I’ve previously written about the spacial limits of knowledge: 95% of the universe is unknowable without faster than light travel.
I’m reading Graeber and Wengrow’s the Dawn of Everything, which opens thus:
Most of human history is irreparably lost to us. Our species, Homo sapiens, has existed for at least 200,000 years, but for most of that time we have next to no idea what was happening. In northern Spain, for instance, at the cave of Altamira, paintings and engravings were created over a period of at least 10,000 years, between around 25,000 and 15,000 BC. Presumably, a lot of dramatic events occurred during this period. We have no way of knowing what most of them were.
The point isn’t so much that we don’t know it’s that we can’t know about the vast majority of humanity’s history. It is completely and irreparably closed to us. Not being able to know something isn’t a thing that scientism or most religions handle very well.
The entire argument is long and fleshed out, but a short summary goes:
- Our evidence and artifacts from early humanity is scant, quite literally a few bone fragments.
- It’s almost certain that what’s been preserved is in no way representative.
- Places with better conditions for fossilization and preservation, have saved more fragments of the past — most places on Earth don’t possesses such conditions.
- Prehistoric research is expensive, and the fact that more prehistoric sites were found in Europe sooner is merely a function of the fact that European governments have the money to fund archeological research.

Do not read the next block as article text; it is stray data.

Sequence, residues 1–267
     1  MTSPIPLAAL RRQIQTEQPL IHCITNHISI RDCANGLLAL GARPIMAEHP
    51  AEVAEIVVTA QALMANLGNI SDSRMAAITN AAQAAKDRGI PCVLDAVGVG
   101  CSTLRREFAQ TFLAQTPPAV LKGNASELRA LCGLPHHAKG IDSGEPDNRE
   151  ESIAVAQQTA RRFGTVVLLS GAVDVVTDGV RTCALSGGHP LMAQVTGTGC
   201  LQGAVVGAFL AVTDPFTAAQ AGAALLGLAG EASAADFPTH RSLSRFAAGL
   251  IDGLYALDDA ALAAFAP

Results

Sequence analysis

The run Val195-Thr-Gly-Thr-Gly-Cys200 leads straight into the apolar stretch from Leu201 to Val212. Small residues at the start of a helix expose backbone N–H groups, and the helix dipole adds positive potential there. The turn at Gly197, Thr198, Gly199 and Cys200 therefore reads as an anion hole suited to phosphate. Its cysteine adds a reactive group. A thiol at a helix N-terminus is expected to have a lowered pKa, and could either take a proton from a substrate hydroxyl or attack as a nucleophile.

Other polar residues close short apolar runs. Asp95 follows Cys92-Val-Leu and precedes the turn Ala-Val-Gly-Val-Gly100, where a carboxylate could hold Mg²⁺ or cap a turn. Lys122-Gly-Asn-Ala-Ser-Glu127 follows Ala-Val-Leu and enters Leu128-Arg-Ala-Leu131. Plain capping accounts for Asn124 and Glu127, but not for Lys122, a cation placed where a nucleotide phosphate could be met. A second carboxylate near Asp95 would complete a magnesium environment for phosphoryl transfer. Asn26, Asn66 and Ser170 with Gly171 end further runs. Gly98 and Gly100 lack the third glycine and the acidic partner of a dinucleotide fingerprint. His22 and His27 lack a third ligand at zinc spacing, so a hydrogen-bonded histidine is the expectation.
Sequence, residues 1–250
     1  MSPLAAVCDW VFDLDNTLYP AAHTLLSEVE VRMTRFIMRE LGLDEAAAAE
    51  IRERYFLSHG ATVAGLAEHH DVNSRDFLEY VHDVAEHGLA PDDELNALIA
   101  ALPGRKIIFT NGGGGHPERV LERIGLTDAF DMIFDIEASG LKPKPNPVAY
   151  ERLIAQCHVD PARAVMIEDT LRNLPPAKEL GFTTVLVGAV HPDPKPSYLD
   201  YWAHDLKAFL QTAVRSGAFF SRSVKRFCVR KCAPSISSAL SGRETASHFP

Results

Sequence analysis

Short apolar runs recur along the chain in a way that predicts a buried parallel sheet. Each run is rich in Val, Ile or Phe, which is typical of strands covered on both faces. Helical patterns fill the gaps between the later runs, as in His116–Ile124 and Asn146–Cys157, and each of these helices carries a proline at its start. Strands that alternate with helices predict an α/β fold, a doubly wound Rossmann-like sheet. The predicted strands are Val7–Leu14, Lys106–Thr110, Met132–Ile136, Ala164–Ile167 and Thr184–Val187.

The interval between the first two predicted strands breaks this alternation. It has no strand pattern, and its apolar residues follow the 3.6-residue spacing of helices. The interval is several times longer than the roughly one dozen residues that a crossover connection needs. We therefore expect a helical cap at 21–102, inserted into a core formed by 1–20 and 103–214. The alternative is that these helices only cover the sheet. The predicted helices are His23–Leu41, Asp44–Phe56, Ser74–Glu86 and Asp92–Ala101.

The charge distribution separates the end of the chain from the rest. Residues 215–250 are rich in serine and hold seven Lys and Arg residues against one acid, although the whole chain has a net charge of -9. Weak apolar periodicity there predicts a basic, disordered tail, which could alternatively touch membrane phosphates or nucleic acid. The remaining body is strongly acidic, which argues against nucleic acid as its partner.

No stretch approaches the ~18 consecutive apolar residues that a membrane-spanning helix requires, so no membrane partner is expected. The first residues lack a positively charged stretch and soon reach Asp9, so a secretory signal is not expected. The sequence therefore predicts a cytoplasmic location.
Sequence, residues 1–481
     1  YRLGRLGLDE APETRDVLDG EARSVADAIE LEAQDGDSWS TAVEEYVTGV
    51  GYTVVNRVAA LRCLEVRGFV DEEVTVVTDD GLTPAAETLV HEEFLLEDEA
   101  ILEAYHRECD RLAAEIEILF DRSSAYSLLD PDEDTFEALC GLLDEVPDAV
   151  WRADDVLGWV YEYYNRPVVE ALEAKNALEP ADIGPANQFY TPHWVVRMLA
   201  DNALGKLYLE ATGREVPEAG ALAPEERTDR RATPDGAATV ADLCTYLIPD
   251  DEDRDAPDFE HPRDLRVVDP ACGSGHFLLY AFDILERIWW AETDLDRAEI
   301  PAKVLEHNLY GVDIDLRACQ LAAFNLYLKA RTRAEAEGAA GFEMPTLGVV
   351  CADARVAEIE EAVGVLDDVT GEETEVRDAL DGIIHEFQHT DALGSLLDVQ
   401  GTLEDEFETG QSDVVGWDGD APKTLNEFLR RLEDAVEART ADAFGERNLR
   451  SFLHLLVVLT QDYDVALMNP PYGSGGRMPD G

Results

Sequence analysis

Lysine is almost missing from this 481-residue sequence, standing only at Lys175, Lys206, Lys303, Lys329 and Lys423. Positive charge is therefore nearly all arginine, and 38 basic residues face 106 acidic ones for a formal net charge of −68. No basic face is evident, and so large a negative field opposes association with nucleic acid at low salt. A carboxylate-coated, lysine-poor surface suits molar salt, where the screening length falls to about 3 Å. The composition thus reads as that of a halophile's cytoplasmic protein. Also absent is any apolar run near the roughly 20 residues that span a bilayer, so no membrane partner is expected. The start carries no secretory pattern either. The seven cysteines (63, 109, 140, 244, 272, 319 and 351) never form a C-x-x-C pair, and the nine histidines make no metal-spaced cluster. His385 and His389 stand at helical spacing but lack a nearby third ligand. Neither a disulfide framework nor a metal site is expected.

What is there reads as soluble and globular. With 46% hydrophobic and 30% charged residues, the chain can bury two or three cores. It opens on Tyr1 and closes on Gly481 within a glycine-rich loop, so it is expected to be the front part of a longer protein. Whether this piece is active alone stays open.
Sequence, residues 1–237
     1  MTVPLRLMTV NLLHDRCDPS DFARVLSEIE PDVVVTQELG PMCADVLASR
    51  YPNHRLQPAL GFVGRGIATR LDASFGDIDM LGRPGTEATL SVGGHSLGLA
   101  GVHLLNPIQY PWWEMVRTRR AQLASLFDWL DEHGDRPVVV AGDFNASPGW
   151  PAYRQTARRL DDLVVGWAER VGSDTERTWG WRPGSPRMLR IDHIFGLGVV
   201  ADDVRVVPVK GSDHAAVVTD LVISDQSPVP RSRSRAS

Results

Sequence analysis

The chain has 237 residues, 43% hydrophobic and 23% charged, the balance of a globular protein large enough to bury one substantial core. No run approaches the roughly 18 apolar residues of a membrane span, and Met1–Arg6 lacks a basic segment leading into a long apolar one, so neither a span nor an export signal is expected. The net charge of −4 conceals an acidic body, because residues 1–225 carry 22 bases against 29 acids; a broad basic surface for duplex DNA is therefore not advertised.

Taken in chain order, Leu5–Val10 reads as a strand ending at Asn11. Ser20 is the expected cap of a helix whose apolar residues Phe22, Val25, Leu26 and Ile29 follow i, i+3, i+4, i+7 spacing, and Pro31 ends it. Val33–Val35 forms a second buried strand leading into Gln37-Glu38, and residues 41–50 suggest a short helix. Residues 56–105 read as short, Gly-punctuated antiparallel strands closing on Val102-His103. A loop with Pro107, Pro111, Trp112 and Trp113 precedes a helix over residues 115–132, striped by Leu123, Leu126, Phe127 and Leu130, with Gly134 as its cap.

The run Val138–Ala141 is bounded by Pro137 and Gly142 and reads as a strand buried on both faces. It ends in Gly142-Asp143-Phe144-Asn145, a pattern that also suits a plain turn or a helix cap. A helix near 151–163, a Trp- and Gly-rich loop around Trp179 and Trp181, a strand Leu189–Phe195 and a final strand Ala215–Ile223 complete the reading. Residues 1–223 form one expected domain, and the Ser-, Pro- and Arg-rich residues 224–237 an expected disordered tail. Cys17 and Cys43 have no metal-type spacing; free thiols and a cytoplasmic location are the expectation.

The result has been a proliferation of just so stories about humanity’s past, and the scientific orthodoxy changing rapidly.
I remember being in school and thinking how weird it was to read fully fleshed out stories about pre-historic evolution based off of finding a single random bone somewhere. Of course questioning this narrative meant you had to be some Bible thumping creationist.
Saying that you don’t know, and that something is likely to always be shrouded in mystery should be a respected position. I’d be willing to bet that my high school textbooks are laughably out of date only a couple of decades on. I’m not opposed to trying to string together a narrative out a few puzzle pieces, just do it with a bit of humility.
This also reminds me of the streetlight effect, namely that you measure what you can observe, not what’s important. This is problematic in a field in which, more likely than not, most of the important evidence is completely lost to history.
One last quote that sums it up nicely:
This canvas of human history is distinctly modern. The renowned theorist of culture W.J.T. Mitchell once remarked that dinosaurs are the quintessential modernist animal, since in Shakespeare’s time no one knew such creatures had ever existed. In a similar way, until quite recently most Christians assumed anything worth knowing about early humans could be found in the Book of Genesis. Up until the early years of the nineteenth century, ‘men of letters’ scientists included — still largely assumed that the universe did not even exist prior to late October, 4004 BC, and that all humans spoke the same language (Hebrew) until the dispersal of humanity, after the fall of the Tower of Babel sixteen centuries later.’
At that time there was as yet no ‘prehistory’. There was only history, even if some of that history was wildly wrong. The term ‘prehistory’ only came into common use after the discoveries at Brixham Cave in Devon in 1858, when stone axes, which could only have been fashioned by humans, were found alongside remains of cave bear, woolly rhinoceros and other extinct species, all together under a sealed casing of rock. This, and subsequent archaeological findings, sparked a complete rethinking of existing evidence. Suddenly, ‘the bottom droppedout of human history.
Future discoveries will make most of what we ‘know’ today look naïve, and we can’t even fathom what we don’t know. Dare I invoke the “unknown unknowns” bit?